Christopher Columbus’ travels helped Europeans discover America, but the famous explorer’s origins have long been mysterious.
Now scientists hope to shed more light on the ancestry of the great man thanks to the latest advances in genetic engineering.
Tests on Columbus’ bones are done at the University of Granada to determine whether he was actually born in Genoa, as most historians believe, or whether, as some others believe, he was of Spanish, Portuguese, Croatian, or even Polish ancestry.
José Antonio Lorente, Professor of Law and Forensics at the University of Granada, is one of the scientists leading the project.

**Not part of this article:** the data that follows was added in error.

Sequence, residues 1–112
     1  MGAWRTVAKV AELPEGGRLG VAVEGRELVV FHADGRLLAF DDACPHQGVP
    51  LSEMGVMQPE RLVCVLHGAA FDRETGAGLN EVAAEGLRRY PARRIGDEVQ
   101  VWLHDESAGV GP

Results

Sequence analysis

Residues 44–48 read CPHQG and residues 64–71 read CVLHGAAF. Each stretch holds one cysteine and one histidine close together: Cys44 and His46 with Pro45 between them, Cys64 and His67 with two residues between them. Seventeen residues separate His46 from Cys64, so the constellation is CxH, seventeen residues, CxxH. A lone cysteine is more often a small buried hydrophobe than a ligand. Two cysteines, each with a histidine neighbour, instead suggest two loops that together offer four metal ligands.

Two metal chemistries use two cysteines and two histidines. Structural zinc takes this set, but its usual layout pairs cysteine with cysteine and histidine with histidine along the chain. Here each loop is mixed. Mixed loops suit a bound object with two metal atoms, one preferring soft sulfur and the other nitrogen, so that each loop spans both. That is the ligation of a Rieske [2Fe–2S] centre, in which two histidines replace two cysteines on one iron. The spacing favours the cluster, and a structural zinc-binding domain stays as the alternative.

He told Euronews’ Good Morning Europe Show: “What we have now is next generation sequencing, a much more robust and sensitive technology, and also we have a lot more forensics to compare: there have been many articles published that give us information about people’s ethnic and geographic origins, which together means that we will hopefully get positive results. “
Professor Lorente says that while the theory of Genoese origin is the most favored by historians, other results cannot be ruled out.
“It is clear that there are some other theories, some of which are very consistent, with very logical reasoning and lots of data. We are trying to offer scientific data that can be interpreted by historians,” he added.
Genetic comparisons with identified individuals can determine whether they have a family connection. Even without direct individual games, it is possible to draw more preliminary conclusions based on regional comparisons.
“We’re just getting started,” says Professor Lorente. “There will be great progress in the next ten to fifteen years.”
Watch the full interview with Professor Lorente in the video player above.